• December 5, 2021

9 strategies to attract customers!

In this modern world of market saturation and information overload, it has become more important than ever to understand your customers and their needs.

To be successful as a business, you should always try to understand and anticipate what the customer is thinking, so that you can meet their needs and expectations.

Understanding the customer leads to brand loyalty and can help your company stand out from the rest.

In this blog, we will talk about the psychology of marketing, its importance, and the different types of marketing psychology that can be used to drive higher sales.

What is the psychology of marketing?

Marketing psychology refers to the use of the principles of psychology in real-world business applications such as sales, content creation, and overall marketing strategy.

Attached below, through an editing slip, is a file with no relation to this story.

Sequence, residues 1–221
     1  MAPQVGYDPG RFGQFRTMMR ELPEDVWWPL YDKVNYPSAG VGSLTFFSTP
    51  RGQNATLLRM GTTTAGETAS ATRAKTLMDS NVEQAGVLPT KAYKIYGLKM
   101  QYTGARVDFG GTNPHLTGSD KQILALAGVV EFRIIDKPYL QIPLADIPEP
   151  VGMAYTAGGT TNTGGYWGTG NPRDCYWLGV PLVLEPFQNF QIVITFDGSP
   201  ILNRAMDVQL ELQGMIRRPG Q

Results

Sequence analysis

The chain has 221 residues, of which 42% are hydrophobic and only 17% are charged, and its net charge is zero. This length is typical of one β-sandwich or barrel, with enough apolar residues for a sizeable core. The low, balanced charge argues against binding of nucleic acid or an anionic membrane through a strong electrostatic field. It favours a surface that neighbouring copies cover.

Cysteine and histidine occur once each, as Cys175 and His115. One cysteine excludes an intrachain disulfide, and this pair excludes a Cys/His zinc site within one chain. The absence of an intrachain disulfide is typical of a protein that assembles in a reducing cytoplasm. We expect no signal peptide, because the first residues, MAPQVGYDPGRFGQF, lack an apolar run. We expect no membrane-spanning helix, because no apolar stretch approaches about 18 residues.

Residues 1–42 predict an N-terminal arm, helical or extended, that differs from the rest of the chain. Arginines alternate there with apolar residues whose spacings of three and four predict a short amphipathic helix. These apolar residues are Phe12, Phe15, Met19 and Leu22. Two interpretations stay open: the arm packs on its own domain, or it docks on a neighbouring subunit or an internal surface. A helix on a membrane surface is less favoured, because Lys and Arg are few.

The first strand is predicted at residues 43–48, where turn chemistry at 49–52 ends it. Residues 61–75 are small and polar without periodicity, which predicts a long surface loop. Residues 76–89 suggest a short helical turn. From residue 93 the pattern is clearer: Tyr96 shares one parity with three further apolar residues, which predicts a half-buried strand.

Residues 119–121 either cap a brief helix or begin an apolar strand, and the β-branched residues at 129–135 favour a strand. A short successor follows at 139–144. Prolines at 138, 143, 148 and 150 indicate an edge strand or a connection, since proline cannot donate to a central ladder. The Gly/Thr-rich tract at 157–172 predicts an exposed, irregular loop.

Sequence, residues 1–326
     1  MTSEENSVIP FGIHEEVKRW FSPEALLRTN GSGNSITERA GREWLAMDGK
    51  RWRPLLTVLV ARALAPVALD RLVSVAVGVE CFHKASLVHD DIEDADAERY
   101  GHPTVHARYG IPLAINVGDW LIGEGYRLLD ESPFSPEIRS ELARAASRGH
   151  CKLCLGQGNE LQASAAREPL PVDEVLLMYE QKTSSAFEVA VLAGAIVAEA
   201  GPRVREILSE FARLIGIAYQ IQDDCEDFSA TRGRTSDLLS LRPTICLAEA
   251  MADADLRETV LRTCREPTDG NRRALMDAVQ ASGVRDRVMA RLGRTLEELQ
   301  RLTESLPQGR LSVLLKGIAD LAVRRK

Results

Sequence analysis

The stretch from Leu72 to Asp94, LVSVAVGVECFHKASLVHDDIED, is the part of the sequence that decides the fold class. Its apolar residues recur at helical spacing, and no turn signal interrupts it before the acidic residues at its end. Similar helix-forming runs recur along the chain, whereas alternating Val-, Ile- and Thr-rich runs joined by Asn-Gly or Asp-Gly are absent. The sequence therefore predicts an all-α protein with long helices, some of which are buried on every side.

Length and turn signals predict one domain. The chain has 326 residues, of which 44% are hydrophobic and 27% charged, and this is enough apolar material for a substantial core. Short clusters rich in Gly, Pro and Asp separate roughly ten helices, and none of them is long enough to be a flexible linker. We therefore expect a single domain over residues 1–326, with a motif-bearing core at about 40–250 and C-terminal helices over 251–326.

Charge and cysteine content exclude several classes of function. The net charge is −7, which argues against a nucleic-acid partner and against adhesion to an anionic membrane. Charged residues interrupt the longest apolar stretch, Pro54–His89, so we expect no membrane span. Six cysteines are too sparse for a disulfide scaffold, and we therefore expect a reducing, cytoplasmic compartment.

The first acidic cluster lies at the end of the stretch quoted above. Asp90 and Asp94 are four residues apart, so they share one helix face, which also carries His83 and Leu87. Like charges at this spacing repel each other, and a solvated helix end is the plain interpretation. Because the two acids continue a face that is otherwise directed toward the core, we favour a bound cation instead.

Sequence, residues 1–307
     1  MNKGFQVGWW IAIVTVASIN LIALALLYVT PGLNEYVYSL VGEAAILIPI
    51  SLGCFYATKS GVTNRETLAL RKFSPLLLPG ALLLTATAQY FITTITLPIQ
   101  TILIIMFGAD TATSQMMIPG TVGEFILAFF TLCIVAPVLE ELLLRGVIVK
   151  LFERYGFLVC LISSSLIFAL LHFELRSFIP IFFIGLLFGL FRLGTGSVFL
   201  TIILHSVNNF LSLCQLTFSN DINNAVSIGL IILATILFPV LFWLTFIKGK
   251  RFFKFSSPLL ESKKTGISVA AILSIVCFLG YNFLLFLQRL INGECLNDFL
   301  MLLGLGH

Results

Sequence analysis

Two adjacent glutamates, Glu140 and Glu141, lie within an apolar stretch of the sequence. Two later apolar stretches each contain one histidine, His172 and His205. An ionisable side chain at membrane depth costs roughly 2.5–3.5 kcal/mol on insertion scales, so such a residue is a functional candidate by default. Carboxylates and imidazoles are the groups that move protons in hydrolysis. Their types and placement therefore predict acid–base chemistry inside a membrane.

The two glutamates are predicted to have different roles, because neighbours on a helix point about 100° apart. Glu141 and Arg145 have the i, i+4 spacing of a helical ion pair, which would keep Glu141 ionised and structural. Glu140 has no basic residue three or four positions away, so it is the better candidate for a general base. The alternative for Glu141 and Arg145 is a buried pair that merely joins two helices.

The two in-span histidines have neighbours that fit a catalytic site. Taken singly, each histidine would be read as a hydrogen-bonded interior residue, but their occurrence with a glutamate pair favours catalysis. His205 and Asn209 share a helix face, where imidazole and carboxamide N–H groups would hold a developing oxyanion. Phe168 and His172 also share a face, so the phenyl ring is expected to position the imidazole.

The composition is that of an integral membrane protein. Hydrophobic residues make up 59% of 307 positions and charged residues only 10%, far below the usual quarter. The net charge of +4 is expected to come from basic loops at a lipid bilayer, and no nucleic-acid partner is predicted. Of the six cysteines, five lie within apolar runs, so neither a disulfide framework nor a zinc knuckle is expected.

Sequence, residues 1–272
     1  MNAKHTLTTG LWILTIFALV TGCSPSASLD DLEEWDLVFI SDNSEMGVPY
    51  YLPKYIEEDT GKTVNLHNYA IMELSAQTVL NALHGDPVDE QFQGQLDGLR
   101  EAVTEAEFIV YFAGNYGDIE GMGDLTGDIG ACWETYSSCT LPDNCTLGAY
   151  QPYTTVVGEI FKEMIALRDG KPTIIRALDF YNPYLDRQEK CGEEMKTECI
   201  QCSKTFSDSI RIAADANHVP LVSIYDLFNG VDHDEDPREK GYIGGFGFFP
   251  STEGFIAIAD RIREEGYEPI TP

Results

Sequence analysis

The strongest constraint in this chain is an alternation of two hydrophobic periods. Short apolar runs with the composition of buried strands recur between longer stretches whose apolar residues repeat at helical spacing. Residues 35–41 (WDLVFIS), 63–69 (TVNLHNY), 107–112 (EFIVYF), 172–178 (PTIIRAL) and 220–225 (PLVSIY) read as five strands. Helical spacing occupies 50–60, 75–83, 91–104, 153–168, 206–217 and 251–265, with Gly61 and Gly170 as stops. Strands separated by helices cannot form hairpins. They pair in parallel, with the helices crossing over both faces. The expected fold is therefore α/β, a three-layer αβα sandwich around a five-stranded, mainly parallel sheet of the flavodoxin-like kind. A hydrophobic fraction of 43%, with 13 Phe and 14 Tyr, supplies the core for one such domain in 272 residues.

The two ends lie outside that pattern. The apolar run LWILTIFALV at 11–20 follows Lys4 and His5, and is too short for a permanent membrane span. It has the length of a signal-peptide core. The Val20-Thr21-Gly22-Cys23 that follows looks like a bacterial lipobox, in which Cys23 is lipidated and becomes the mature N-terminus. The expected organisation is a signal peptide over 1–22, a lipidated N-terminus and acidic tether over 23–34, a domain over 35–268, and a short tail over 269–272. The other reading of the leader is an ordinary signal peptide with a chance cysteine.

These psychological principles are loosely based on understanding clients’ minds and the subconscious decisions they make in response to certain stimuli.

Take a look at these 8 amazing psychological techniques you can implement in your marketing plans and watch your business grow!

9 strategies for using marketing psychology to attract customers

1. Information gap theory

It may seem basic, but curiosity is one of the best ways to drive customers to your business. When there is a gap in the knowledge that consumers have and want to have, they turn to external sources for information.

Many companies make use of this to carry out content marketing; Publish articles related to your niches to drive traffic to your websites.

Once knowledge is given away for free, readers are more likely to trust the brand and look for other things they offer. This could mean clicking on other articles or looking at the products or services they offer.

This extends to other channels such as social media, where companies provide informative posts on Instagram or Twitter, with links to the full article on their blog.

2. Fitt’s Law